> PUCCINI Tosca Gigli [TH]: Classical Reviews- May2002 MusicWeb(UK)

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Giacomo PUCCINI (1858-1924)

Tosca – --------Maria Caniglia
Cavaradossi ---Beniamino Gigli
Scarpia ---------Armando Borgioli
Angelotti -------Ernesto Dominici
Sacristan -------Giulio Tomei
Spoletta ---------Nino Mazzioti
Chorus and Orchestra of the Teatro Reale dell’Opera, Rome
Oliviero de Fabritiis
Recorded in Rome, September 1938
Disc 2 also contains highlights from another Tosca, recorded in Paris in 1931, sung in French by Ninon Vallin, Enrico di Mazzei, Arthur Endreze and Paul Payan.
NAXOS HISTORICAL 8.110096-97 [2 discs, 78.23, 75.14] Mono ADD Superbudget


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Although a photograph of Maria Caniglia (presumably as Tosca) adorns the cover of this Naxos re-issue, there is no doubt as to who dominates the performance itself. Gigli was at the height of his powers at this time, the leading dramatic-lyric tenor of the day, and the natural heir to Caruso. By the time this celebrated recording was made in 1938, Gigli had been singing Cavaradossi for nearly twenty years, and it shows. Apart from the truly glorious quality of the voice itself, he invests the character with warmth, humanity, and even humour (where appropriate), a difficult balancing act that can only come from real familiarity with the role.

Even though one approaches historic recordings with some caution (certainly regarding sound quality), I was initially disappointed with what I heard here. Puccini’s dramatic opening, with its rasping trombones outlining the theme later to become the ‘Scarpia’ motif, should leap out of the speakers and grab you by the throat. Here, a rather distant, sourly tuned pit orchestra struggle to make any sort of impact. Things improve markedly when the Sacristan makes his first entry, and even more so when the power of Gigli’s voice is first encountered. So it becomes more of an issue of balance, with the singers given a forward prominence over the orchestra, and you soon adjust. Many later opera producers still like to balance this way, and, for a 1938 vintage, the voices are captured with excellent clarity and realism.

So forget about encountering too much of Puccini’s wonderful woodwind detail, or hearing the inner horn and string voicings (as you do in Karajan’s classic Decca version). Revel instead in listening to a truly Italian verismo tradition, where the high tessitura holds no fears, and the singers perform as to the manor born. Caniglia was a famous Tosca in her day, and gives a characterful rendition of the eponymous heroine. She may lack the dark toned, sexy allure of Leontyne Price (for Karajan) or the sheer spine-tingling drama of Callas (for Victor de Sabata on EMI), but this is a convincing portrayal, if a little shrill in places. She does not spit venom, as Callas does, at Scarpia’s advances, but her sincerity is moving in its own way. ‘Vissi d’arte’ is sung with total honesty, but at a rather forceful level throughout; Price is exemplary here.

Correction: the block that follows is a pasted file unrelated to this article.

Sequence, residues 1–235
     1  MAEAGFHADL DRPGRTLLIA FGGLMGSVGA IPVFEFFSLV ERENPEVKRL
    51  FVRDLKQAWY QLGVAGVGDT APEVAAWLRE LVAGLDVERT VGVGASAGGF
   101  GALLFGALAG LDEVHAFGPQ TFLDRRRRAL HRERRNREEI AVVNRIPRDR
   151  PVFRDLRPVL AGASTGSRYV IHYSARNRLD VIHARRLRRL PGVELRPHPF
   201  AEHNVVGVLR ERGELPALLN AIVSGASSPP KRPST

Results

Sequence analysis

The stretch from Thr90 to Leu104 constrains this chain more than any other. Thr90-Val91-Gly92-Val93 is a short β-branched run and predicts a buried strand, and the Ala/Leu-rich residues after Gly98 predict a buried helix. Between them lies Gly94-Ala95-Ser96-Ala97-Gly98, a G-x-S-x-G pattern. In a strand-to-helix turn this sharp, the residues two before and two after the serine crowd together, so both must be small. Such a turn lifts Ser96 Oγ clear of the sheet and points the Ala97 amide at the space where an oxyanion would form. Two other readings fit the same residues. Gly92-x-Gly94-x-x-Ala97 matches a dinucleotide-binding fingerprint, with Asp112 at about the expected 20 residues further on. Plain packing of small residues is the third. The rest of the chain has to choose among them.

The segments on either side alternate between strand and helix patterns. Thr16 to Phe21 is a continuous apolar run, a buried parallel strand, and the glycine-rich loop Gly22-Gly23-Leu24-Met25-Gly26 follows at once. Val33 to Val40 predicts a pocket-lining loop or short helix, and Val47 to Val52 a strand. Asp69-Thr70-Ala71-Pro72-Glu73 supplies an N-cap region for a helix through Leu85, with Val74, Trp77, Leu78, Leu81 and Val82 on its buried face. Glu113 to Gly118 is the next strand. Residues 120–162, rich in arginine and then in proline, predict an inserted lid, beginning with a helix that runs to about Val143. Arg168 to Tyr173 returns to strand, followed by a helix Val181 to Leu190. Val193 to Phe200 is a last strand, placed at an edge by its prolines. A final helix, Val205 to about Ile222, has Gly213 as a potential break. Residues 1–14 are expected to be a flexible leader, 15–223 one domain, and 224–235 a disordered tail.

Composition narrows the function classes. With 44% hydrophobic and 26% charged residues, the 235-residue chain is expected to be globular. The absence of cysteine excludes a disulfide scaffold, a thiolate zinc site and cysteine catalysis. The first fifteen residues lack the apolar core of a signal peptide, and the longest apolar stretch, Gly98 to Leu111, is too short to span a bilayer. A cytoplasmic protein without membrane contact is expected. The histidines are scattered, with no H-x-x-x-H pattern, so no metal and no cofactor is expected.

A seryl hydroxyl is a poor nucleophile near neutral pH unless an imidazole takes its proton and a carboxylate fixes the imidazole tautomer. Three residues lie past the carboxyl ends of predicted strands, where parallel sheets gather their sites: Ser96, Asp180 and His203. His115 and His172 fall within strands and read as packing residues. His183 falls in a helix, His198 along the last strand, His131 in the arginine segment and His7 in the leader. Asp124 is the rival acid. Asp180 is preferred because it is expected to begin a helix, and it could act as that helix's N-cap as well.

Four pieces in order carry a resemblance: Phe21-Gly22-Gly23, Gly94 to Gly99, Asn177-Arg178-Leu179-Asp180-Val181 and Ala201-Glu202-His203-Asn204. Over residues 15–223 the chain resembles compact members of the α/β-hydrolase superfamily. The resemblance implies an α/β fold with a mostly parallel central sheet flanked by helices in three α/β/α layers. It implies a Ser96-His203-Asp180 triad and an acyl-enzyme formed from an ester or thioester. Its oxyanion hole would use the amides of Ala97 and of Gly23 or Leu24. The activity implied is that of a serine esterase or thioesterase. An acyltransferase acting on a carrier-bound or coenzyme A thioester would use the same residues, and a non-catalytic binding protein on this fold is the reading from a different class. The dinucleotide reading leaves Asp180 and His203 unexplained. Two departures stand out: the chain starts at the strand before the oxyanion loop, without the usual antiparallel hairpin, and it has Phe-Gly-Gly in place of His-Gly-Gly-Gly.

Borgioli sang in all the world’s great opera houses (including the Met.), and knew Gigli well, so there is plenty of interaction when required. He is slightly wooden in places (as when he prepares to interrogate Cavaradossi), but the voice has a firmness and richness that are very satisfying – try his famous first entry in the church.

As mentioned before, the set really belongs to Gigli, whose voice is magnificent. ‘Recondita armonia’ soars in a thrilling way that is rare on disc, and we can forgive him his famous over-acting in places (such as the melodramatic torture scene). Hearing this voice makes one agree with the gloom merchants, who say that the great days of Italian tenors are over.

The conducting is workman-like rather than inspired, and once one is used to the balance, the sound is enjoyable enough. The highlights of the French Tosca are interesting for Ninon Vallin’s portrayal, but with a poor Cavaradossi (Enrico di Mazzei) and terrible sound (even Ward Marston has to admit to not being able to rescue this), it’s one for the specialist only.

As for the Gigli Tosca, another invaluable reincarnation from Naxos Historical.

Tony Haywood

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